Your stories are often told through American voices, not an objective narrator. Why?
I had been trying so hard to be literary, which to me meant doing the thing I couldn’t quite do – beautiful nature descriptions – and as a writer you hit that moment where you go, “Oh, so my actual way of being might not be irrelevant to how I write.” In real life I’d always been trying to be funny and it also turned out I viscerally knew the way that Americans mistalk. That ability was there all along, I just hadn’t understood it as a literary ability.
Are you more compromised when you speak through a character?
I think that’s right. You’re contouring those people’s personality with a lot of honesty. That makes the reader lean in a little bit. If I show you some dorky guy having an inadmissible thought-stream and part of you thinks, “Yeah I’ve done that, or I could imagine myself doing that,” then suddenly you’re melded with the character and with me, in a sense. For me, fiction writing has come to feel like a high-wire communication.
Do you worry about sacrificing beauty?
That was a hard concession to make. I’m not giving up on beauty, I’m just going to redefine it a little bit. I remember hearing something that the writer Robert Stone said. He was on a navy ship off the coast of Vietnam and they were doing a bombardment and he said it would be wrong to call it beautiful but it was sublime. If something is intense enough, or refined enough, or exaggerated enough – maybe our previous definition of beauty was a little bit dusty.
There’s a relish in the language. How aware are you of the shape and pattern of the words on the page?
Very aware. A lot of the stories seem vernacular but I revise like crazy. You can make a simulacrum of casual talk that is very, very structured. I grew up in Chicago – not exactly working-class, but there were a lot of people in our neighbourhood that were lovely, emotional people who weren’t educated, say, and didn’t have the resources of language to express themselves fully. That opened my mind to the idea that poetry is just any diction that gets overfull. Even halting imprecision is a mode that we can perfect.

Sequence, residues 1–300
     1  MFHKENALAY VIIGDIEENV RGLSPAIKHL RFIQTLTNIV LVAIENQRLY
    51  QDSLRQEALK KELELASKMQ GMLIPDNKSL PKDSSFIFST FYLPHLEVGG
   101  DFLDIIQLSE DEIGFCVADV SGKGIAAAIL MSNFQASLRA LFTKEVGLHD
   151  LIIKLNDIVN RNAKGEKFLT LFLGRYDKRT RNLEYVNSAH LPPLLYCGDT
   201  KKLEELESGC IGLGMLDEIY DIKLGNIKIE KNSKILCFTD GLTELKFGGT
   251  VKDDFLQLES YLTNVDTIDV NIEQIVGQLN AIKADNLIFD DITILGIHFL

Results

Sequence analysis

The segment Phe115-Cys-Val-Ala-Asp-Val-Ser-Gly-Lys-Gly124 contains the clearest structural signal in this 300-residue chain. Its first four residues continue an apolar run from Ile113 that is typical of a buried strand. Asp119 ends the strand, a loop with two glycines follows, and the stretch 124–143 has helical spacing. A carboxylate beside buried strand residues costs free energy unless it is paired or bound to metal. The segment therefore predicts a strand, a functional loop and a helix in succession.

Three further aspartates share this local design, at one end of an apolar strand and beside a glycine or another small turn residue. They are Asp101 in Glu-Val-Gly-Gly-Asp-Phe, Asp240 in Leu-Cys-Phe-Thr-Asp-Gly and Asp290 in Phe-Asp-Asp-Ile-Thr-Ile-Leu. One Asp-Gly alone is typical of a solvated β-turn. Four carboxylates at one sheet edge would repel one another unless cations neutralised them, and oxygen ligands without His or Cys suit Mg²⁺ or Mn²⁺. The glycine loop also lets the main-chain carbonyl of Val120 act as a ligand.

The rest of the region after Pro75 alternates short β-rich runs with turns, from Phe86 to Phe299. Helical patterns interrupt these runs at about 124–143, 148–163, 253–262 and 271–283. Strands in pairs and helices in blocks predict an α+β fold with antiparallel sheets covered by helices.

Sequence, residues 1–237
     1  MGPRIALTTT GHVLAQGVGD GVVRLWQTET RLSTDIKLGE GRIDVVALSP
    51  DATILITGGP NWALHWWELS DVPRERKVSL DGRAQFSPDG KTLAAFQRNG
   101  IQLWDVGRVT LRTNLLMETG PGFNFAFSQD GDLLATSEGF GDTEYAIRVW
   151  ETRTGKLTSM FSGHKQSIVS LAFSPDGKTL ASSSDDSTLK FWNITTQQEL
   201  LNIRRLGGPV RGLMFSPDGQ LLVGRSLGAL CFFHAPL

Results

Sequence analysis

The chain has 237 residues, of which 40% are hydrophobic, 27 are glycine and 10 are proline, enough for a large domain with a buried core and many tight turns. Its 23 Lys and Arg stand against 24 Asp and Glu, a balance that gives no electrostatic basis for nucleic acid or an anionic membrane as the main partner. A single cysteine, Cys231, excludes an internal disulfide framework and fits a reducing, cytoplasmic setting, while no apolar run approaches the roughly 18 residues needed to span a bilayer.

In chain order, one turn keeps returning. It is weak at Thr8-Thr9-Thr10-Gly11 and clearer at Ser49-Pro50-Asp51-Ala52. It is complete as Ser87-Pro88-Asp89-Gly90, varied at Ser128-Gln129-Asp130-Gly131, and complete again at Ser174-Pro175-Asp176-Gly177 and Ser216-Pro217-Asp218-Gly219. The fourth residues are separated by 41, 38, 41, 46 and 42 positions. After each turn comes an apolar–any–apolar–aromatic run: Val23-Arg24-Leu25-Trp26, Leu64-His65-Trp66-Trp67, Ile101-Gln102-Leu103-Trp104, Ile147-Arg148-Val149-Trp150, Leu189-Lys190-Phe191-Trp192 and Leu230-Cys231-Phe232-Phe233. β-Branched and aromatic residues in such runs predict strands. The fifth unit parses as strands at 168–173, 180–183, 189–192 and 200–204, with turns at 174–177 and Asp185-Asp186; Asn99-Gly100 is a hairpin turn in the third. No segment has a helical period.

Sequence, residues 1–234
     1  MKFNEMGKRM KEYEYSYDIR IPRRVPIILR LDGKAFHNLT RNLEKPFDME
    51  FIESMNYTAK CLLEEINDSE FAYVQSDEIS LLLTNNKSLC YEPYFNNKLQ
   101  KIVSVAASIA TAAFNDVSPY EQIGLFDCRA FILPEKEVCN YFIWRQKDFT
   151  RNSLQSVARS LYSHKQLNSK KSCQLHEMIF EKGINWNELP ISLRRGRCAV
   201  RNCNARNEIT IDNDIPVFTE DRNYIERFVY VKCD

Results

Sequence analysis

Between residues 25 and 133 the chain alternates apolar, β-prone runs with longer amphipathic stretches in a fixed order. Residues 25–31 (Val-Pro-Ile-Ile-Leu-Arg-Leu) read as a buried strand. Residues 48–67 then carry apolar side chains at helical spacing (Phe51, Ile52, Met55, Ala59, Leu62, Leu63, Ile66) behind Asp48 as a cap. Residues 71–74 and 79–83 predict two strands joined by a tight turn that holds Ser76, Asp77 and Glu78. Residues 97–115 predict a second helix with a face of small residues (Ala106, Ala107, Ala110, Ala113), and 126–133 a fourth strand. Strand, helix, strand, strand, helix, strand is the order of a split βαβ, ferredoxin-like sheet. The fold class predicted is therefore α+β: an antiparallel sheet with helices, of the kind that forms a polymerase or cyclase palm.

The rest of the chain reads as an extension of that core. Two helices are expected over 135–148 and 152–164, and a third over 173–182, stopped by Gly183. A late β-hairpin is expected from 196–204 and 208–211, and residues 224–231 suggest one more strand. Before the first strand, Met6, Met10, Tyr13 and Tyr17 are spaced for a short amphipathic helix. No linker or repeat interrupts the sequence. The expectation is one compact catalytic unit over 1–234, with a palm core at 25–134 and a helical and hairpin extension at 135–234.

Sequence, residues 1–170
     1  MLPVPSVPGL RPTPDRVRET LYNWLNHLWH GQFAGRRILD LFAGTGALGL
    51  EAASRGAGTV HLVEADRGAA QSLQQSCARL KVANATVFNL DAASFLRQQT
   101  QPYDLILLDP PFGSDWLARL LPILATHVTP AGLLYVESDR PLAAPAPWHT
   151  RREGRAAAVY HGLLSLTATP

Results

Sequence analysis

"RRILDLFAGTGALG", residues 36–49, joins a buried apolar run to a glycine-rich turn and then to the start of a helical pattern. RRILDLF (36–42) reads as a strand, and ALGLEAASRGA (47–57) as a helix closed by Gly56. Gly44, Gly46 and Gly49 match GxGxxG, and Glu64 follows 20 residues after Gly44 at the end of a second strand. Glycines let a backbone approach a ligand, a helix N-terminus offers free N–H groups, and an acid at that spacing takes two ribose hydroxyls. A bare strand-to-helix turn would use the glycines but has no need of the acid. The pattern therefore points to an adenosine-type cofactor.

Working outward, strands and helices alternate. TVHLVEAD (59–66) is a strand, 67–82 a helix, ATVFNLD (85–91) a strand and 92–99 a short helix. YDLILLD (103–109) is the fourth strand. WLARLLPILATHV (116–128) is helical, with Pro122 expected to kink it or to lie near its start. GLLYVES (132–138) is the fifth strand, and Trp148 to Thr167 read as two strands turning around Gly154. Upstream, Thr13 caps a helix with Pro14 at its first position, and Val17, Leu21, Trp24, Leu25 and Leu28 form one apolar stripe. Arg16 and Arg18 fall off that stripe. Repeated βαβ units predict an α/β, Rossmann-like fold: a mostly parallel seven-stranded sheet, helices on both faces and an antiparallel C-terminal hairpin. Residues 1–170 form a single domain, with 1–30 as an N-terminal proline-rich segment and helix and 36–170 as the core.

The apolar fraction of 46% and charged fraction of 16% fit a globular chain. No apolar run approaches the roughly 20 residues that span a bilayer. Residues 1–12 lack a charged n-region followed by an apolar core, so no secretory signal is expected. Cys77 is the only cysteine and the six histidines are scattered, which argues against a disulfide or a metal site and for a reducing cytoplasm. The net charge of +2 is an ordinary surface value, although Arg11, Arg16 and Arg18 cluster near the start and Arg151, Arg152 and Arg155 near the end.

Do you find yourself writing by ear, then?
I realised that writing is probably a little more like music or sport – there are certain reactions that are instantaneous. What you’re trying to do is train yourself to have a good instantaneous reaction, with the proviso that you can go back and revise infinitely. I don’t know how it is [in Britain] but here the culture has trouble discussing art in a way that makes sense to me. It’s always assumed that the writer had this big intention and executed it and my experience has been completely the opposite, so it’s kind of a buzz-kill.
Zadie Smith described you as a satirist.
I’ve heard that word applied to me a lot and in some of the earlier books I think it’s more pronounced. I think often it’s just an edge, or a moral component. My early dream as a writer was to be Chekhov but for me that’s not separable from being funny. If I try to be very straightforward and Chekhovian I can’t summon up any energy in the work. I tried it. So for some reason I have to come at it from the side to get the necessary energy in the prose. Flannery O’Connor said something about you can choose what you write, but you can’t choose what you make live.
Where does morality lie for you in fiction?
For me, the moral part of it is what happens to you during reading and then for minutes afterwards when there is some kind of alteration. When I read a story that gets me, it sounds so corny, but I feel the world is new again. Here, when you bring morality up in relation to fiction, people think you’re propagandising and that, I think, is totally anti-art. But that intimate relationship with your reader – that seems like very high-level engagement. When I read a Chekhov story, I always feel that this guy, who’s been dead for all these years, gotme. He had a high vision for me and there’s a feeling of living into that vision. Something like that.
Interview by Sophie Elmhirst George Saunders’s “Tenth of December” is published by Bloomsbury (£14.99)